Residents Speak Out on Maple Avenue

Residents Speak Out on Maple Avenue

Second public hearing on proposed, new zoning district.

An overflow crowd jammed into the Vienna Town Hall for the Maple Avenue Corridor hearing.

An overflow crowd jammed into the Vienna Town Hall for the Maple Avenue Corridor hearing. Photo by Bonnie Hobbs.

One thing about Vienna residents – when they care about something, they’re not shy about making their feelings known. And that’s exactly what they did during an Aug. 18 public hearing on the proposed Maple Avenue Corridor (MAC) zoning district.

A standing-room-only crowd of some 150 people packed the Town Council meeting room, while still more watched the proceedings on a TV in the hallway. And at the outset, Mayor Laurie DiRocco explained the MAC’s goals.

“The biggest concentration of commercial businesses is along Maple Avenue and our zoning ordinance dates back to the 1960s,” she said. “It’s essentially strip-mall zoning. But we’d like to add public art, energy efficiency, gathering spaces and mixed uses – none of which are in our current commercial zoning.”

“We want to enhance [Vienna], have a vibrant business district and be this gem of a town with all the services people need and want right here, now and in the future,” continued DiRocco. She said 75 percent of households responding to a recent survey asking what they wanted in their town wanted incentives given to redevelop the business community.

And a 17-person steering committee worked on the MAC two years to do just that, while preserving Vienna’s small-town feel and retaining the character of the nearby residential neighborhoods. At the public hearing, Vienna Deputy Director of Planning and Zoning Matt Flis said the Council is considering a framework for Vienna’s long-term outlook.

“It’s preferable to develop under the MAC because it reinforces projects more in keeping with the Town’s vision,” he said. “Now, there’s no building-height limit; with the MAC, there is. And the MAC has tree-canopy, open-space, bike-parking and illumination requirements that currently don’t exist.”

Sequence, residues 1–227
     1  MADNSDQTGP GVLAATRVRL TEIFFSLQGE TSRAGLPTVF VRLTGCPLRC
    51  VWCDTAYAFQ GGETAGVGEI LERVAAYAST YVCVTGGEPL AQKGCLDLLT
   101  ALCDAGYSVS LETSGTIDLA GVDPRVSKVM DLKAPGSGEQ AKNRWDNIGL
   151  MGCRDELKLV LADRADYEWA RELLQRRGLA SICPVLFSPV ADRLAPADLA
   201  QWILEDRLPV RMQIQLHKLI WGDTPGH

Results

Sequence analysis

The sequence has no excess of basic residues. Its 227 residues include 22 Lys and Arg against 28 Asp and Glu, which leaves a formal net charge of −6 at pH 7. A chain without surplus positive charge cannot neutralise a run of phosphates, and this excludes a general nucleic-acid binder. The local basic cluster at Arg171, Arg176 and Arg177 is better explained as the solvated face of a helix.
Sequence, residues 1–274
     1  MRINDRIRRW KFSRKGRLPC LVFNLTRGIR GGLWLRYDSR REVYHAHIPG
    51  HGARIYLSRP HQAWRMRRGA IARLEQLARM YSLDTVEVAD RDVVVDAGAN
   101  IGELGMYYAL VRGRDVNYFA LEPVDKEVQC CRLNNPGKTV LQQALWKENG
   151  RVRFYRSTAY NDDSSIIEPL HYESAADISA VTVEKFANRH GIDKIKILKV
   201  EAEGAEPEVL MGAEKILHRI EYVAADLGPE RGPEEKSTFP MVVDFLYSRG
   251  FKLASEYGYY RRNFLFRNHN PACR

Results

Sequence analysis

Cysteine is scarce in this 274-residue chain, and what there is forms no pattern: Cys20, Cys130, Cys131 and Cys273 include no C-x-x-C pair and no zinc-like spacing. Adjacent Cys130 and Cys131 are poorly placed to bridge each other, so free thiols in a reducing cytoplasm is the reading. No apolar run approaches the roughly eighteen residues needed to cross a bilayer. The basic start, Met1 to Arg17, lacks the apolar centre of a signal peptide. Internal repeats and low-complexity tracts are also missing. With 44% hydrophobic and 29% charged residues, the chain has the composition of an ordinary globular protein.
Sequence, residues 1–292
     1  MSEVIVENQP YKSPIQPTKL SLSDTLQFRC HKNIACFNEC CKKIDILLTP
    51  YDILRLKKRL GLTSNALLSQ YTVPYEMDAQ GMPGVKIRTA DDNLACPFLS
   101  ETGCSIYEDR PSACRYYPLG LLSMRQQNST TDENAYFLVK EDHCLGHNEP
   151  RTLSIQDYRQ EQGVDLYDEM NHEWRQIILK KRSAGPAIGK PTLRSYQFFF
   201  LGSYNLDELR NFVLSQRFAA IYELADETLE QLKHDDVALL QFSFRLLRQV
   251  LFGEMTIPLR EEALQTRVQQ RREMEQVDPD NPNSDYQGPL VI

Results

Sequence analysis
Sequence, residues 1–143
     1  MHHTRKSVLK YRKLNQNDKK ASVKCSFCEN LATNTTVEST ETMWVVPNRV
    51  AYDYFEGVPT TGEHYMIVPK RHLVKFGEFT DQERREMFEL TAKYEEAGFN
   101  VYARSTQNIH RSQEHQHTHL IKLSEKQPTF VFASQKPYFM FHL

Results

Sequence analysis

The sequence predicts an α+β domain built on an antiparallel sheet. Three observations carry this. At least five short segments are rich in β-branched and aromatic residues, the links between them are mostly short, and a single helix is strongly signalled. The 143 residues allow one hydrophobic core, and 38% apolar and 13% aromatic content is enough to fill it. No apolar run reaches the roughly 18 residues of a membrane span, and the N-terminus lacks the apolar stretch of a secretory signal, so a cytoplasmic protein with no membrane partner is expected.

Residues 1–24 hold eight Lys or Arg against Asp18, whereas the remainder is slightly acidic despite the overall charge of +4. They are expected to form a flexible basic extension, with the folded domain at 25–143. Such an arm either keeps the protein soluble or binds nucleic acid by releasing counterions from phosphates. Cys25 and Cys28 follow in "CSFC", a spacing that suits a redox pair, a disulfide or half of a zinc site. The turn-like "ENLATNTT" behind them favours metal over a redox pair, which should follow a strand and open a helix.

THE EXISTING, 5-foot-wide sidewalks would be changed to a 20-foot setback for wider sidewalks, street trees and space for outdoor dining. Trees would also be required in parking lots and the whole corridor would be more bike-and pedestrian-friendly.

“Projects submitted through the MAC would go through a rigorous review process with public input,” said Flis. “Currently, there’s no requirement for public input. And the multiple curb cuts [along Maple] contribute to today’s stop-and-go traffic, so consolidating them would improve the situation.”

Furthermore, he said, “Through the MAC, [Vienna can] require developers to perform traffic studies, themselves, rather than the Town paying for them. There’d also be architectural standards. Buildings adjacent to residential can’t be higher than 35 feet; today, there’s not much we can do to limit that.”

Then a slew of residents – both for and against – spoke their minds about the proposal. Business-owner Matt Greer said the “moms-and-pops will get pushed out; we won’t be able to afford the rents or development costs anymore. It’s a great step in the right direction, but we don’t have the infrastructure to handle the vehicles and parking.”

However, DiRocco noted that “any redevelopment [under the MAC] is voluntary and will happen over time,” and certain Maple Avenue properties will never be redeveloped. But if they are, said Flis, the MAC will benefit small businesses.